Negotiation is often used in a setting where one party is attempting to receive the most beneficial outcome for themselves. For example, if you are purchasing a service from a landscaper, you would attempt to negotiate a lower rate for more work from the landscaper. This outcome benefits you by not only saving money but by receiving more services from the landscaper than was originally intended. It’s important to understand the tactics used to achieve this outcome.

 

Listening and Patience

 

  • Listening is probably the most under-appreciated skill. Despite most negotiations being about what you want, learning to listen to the other party can offer you multiple avenues to reach your goal.
  • Listening allows you to understand how the other party thinks which you can use to help you coerce them.
  • Listening to the other party allows you build trust between the two of you.
  • Listening prevents you from making mistakes or assumptions. Deeper in the negotiations, if you have pre-conceived notions that are incorrect, speaking them can be an offensive blunder that can ruin your negotiations.
  • Patience allows you time for foresight. By not rushing, you’re able clearly set a path through your conversation to achieve your ends.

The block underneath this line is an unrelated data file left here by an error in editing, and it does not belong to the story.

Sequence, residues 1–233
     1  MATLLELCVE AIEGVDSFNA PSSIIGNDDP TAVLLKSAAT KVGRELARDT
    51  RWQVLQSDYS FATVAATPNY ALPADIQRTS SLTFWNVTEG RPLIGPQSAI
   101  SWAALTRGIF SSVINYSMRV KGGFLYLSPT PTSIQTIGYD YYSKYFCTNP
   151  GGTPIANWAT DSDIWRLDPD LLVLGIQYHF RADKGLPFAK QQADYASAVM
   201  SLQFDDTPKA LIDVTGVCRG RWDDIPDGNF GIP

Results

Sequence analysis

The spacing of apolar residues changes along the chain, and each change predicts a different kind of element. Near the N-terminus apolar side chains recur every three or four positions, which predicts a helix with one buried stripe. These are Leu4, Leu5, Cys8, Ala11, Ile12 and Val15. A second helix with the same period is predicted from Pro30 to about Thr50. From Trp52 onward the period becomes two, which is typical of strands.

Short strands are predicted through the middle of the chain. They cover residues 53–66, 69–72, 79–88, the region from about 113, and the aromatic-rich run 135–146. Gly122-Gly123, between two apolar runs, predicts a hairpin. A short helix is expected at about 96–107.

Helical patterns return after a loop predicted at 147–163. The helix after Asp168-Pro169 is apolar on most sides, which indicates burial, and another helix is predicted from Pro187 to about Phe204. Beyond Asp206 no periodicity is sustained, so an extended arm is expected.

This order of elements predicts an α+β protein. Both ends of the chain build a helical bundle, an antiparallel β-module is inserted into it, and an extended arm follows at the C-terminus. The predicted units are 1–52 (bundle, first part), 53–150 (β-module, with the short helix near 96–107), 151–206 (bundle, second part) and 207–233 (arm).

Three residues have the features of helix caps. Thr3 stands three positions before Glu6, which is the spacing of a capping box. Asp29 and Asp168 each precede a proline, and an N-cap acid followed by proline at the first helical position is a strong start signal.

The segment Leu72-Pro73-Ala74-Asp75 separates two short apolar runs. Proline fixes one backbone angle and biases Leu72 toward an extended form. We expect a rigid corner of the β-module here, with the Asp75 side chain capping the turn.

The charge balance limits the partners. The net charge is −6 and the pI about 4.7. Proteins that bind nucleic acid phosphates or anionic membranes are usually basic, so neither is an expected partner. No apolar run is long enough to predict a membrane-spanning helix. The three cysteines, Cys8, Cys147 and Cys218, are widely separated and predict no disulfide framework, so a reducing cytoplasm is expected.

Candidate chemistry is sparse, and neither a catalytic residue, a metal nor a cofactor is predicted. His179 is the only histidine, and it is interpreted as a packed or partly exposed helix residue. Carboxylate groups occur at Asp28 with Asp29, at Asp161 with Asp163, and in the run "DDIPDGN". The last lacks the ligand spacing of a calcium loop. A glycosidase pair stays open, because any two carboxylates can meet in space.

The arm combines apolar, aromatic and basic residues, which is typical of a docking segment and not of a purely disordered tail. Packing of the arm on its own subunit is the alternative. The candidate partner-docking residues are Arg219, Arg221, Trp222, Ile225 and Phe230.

• Not rushing allows you to clearly present your argument to the other party. They will know exactly what you want if you take the time to articulate.

Extremes

 
Whichever party is beginning negotiations will often begin with an extremely large offer. The offer is designed to shock you and reduce how you will feel about any offers that follow. This way, the opposing party can work their price down at their own pace and force you to feel grateful for the current price.

Detail Dissolution

 
When attempting to negotiate, often the other party will attempt to break down the arguments you present. Besides being used to distract and derail your thoughts, it is also used to inject ideas into the topics you failed to clarify. For example, a customer says “Insurance is included, right?” The response should be similar to “On items where we pay for insurance, we add a percentage to the price. So yes, if you are willing to pay extra, then we can cover this item.” In this scenario, the customer attempted to acquire free insurance because the seller failed to clarify.

 
When entering a negotiation, it’s useful to have these tactics memorized beforehand. This way, you can be prepared for any tactics the other party may attempt.